PITTSBURGH (KDKA) — Most people have heard of Lyme disease, an illness caused by bacteria carried by deer ticks, but they can also carry something else that can make you sick — Powassan virus.
“Anytime there’s a disease spread by a tick, if that tick is present in that area, we have to be alert for it,” says Dr. Amesh Adalja, the UPMC Center for Biosecurity.
The virus can cause encephalitis, an inflammation of the brain, which can start with fever, headache, confusion and weakness.
One in 10 cases is fatal. Fifty percent of survivors have permanent neurologic damage.
But it is very rare; only 50 cases in the past 10 years, and in our state, only a single case in northeast Pennsylvania.
That doesn’t mean it’s not out there. It often isn’t tested for because there is no specific treatment.
The key is to be on the lookout for ticks on yourself after you come indoors. It takes a while to get infected, but usually less than 12 hours.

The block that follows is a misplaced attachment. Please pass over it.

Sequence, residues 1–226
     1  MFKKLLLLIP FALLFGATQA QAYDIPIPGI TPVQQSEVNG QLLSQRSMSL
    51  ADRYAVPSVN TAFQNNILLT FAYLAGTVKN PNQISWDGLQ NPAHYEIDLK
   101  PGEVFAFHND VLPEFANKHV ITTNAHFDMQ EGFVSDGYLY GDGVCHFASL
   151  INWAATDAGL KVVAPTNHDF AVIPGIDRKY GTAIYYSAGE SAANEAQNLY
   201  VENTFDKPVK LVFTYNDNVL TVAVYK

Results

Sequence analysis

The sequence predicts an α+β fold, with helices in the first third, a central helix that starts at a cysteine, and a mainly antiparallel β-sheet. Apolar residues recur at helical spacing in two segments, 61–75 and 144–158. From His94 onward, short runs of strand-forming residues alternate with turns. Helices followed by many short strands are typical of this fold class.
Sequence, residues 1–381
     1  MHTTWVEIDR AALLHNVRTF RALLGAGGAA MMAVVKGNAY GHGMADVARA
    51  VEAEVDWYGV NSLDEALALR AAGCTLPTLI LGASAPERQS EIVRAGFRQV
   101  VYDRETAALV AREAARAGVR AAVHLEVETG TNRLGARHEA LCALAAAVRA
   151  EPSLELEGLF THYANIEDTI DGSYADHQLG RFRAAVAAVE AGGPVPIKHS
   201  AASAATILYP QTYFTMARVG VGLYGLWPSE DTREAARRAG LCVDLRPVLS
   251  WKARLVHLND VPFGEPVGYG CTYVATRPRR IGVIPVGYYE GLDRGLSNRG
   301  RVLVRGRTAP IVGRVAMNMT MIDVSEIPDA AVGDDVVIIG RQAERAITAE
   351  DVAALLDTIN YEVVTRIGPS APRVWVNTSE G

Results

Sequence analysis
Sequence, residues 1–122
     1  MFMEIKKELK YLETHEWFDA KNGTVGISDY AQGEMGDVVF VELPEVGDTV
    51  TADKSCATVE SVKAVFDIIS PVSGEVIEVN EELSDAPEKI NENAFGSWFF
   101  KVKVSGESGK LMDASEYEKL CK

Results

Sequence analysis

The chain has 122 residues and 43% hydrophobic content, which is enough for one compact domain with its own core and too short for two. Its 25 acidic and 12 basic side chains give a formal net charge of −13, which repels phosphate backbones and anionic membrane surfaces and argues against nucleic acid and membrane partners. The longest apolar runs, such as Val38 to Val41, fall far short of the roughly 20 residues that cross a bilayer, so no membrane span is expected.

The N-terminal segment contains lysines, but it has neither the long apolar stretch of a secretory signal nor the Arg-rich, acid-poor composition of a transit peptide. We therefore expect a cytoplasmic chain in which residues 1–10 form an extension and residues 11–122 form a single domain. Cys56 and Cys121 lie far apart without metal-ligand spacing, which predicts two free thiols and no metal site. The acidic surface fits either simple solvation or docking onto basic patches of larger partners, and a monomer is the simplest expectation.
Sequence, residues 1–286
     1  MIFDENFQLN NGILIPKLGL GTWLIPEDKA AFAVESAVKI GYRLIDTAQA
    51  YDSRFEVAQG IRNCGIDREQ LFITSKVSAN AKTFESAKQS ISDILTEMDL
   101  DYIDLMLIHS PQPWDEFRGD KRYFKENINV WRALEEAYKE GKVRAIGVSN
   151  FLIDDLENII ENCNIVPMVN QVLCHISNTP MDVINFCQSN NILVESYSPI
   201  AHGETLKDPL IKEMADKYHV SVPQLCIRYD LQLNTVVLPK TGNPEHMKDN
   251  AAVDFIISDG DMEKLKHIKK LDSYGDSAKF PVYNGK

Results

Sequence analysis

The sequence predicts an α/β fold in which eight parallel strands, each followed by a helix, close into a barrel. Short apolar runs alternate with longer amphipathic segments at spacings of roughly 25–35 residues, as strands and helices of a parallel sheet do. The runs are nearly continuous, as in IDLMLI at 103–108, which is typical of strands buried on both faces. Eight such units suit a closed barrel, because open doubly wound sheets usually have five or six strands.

“It takes them at least a day for their mouth parts to push into your skin. They have these teeth that they push in and spread it out, push in and spread out,” Bill Todaro, an entomologist at the Allegheny County Health Department. “Once you start to bleed, then it spits saliva in there and anticoagulant, and that’s when you can possibly get a pathogen in there with the saliva.”
A pathogen such as Powassan virus, which the tick can pick up from woodchucks, mice and squirrels. But other pathogens causing other diseases may be on board, too.
“Babesiosis, which is like a malarial parasite, anaplasmosis, erlichiosis,” says Todaro. “All of them are being carried by the deer tick, which is the most common tick anywhere in the northeast now.
A severe winter can cut down on the number of deer ticks during the warmer outdoor months, which is the pattern Todaro has noticed.
Dr. Andrew Nowalk, a Lyme disease specialist watches tick patterns closely, but hasn’t heard much clamor about Powassan virus.
“It’s of interest to us though, because we didn’t used to see Lyme disease. And now we see Lyme disease,” says Dr. Nowalk, of Children’s Hospital. “So keeping track of newer tick-borne diseases, I think, is important for specialists in the area.”
It’s possible, because it is so uncommon, many doctors simply don’t think of it.
“The increased awareness of Powassan virus will cause more people to test for it, and we will probably find that number of cases go up as we find it,” says Dr. Adalja.
Luckily, it is not contagious person to person; you can only catch it from a tick. Unfortunately, there is no specific antiviral treatment or vaccine for Powassan virus.